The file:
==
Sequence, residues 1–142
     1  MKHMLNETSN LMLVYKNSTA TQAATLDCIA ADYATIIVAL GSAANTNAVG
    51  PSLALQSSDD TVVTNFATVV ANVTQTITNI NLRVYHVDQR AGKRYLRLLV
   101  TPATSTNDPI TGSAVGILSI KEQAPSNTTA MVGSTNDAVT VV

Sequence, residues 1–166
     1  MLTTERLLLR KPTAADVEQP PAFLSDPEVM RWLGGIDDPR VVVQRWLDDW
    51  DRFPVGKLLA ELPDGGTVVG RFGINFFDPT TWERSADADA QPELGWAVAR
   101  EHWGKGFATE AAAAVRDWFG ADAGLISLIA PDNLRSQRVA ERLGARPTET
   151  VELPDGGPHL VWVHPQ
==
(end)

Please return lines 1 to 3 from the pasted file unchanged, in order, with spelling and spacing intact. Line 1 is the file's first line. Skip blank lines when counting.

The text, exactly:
Sequence, residues 1–142
     1  MKHMLNETSN LMLVYKNSTA TQAATLDCIA ADYATIIVAL GSAANTNAVG
    51  PSLALQSSDD TVVTNFATVV ANVTQTITNI NLRVYHVDQR AGKRYLRLLV